Sixteenth in the dystopian!verse series.
They play this game of life-death-purgatory, and no one ever asked them what they wanted.
When: Post-Ground Zero
Mickey looks the same, the boy-she-grew-up-with and her-youthful-first-love-but-not. It is so hard not to run into his arms and ensconce him in a choking hug. He is the same, but is completely different.
She wants to ask him if he remembers the little chippy they used to frequent, on the corner of Sloane Street, or the playground where she fell and cut herself, or the fancy place they had visited when The Government had recruited her. She knows he does not have these memories, so she will not ask, because even if she knows, the words will make the lies-she-has-lived real.
And what does it mean to be real? She isn’t the one who can answer that question.
“Rose,” Mickey says, and his voice is breathless, like he cannot believe his eyes, like she is a shimmering mirage of mental delusions. The Doctor’s presence is solid and comforting and confusing behind her, and she is confronted by the spectres of two pasts, none of which she has really lived.
“God, I –” Mickey pauses, taking several steadying breaths. “He found you,” he continues, and the words are laden with meanings-behind-curtains and statements-she-cannot-qualify. “I couldn’t believe it when they said you were gone. The – the Watchtower cried. The Valiant Child is lost, the Network said. The Valiant Child is dead, dead, dead again.”
He walks forward to grip her forearms, and the pressure of his hands almost hurts. Out of the corner of her eye, she sees the Doctor’s eyes flash with something she cannot (dare not) put a name to. “What happened?” Mickey asks. “Tell me.”
She opens her mouth to speak, but no words come out. The Doctor loops an arm around her waist, pulling her out of Mickey’s grasp and closer to himself. She buries her face in his chest, and inhales his comforting scent, the smell of collapsing worlds and breaking fishbowls-of-reality.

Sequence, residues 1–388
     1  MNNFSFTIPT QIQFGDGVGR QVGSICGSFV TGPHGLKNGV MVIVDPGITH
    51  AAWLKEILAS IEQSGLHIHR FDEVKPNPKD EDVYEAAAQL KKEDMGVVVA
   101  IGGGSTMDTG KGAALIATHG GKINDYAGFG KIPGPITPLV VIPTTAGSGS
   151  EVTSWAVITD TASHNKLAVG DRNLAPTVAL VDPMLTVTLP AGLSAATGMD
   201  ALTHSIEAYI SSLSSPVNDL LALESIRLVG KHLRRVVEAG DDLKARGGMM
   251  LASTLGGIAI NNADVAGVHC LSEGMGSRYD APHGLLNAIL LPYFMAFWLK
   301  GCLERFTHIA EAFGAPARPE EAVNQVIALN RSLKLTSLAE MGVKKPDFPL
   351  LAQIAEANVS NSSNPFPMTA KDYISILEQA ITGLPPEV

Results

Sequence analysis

When she finally speaks, the words are so soft it is almost inaudible.
“I don’t know,” she says. “Help me. Please.” Her hands fist on the lapels of the Doctor’s coat, knuckles white.
“I died,” she tells Mickey, and his breath hitches and spurts, eyes widening in horror-fear. “And I need to know why.”
Mickey directs her to a chair in his lab, and her eyes skitter and jump as they trace his movements, watching him pull up various monitors and needles and wires. She cannot explain why it makes her feels so uneasy, and the number ten keeps flashing through her mind, like strobe lights that hurt her eyes. Ten, ten, ten. It is a song on loop, and not one that she cares to listen to.
“Look,” he explains, holding up a needle attached to a wire. “We’ll need to put you under for this, in order to circumvent your block with the Network. I can’t begin to help you with your memories if we don’t even know why the Network’s cutting you off, so we’ll have to solve that first.” The Doctor’s hand is warm and soothing as it rubs circles on her back, and she nods.
“Right,” he continues. “I’ll be giving you a dose of general anesthesia, which should knock you out for a good couple of hours.” He slips a mask attached to a tube over her face. “Count to ten for me.”
The blackness engulfs her before she makes it to six.
His eyes never leave the faintly glowing chip that rests just under the surface of the skin on Rose’s wrist, like a trapped firefly, or an ember from hell. Mickey is focused on the monitors spread out before them, chewing his lip and making vague, indecipherable noises of curiosity or interest as he pulls up new readings.
They are so close, so near the precipice that hangs over the edge of everything they have ever been and known, and he wonders if he wants to fall. The drop is far, and he doesn’t know what will happen once they tumble over the cliff. He wonders if they will even survive it.
Mickey has been staring at a particular screen for the past four minutes and twenty-three seconds. His face is pale in the light of the monitors, fists clenched on the console. The Doctor watches him, and trepidation is so thick that he can taste it, bitter-vile at the back of his throat. Mickey stumbles over to a chair, and buries his face in his hands when he sits. Fear is a choking ball in his throat.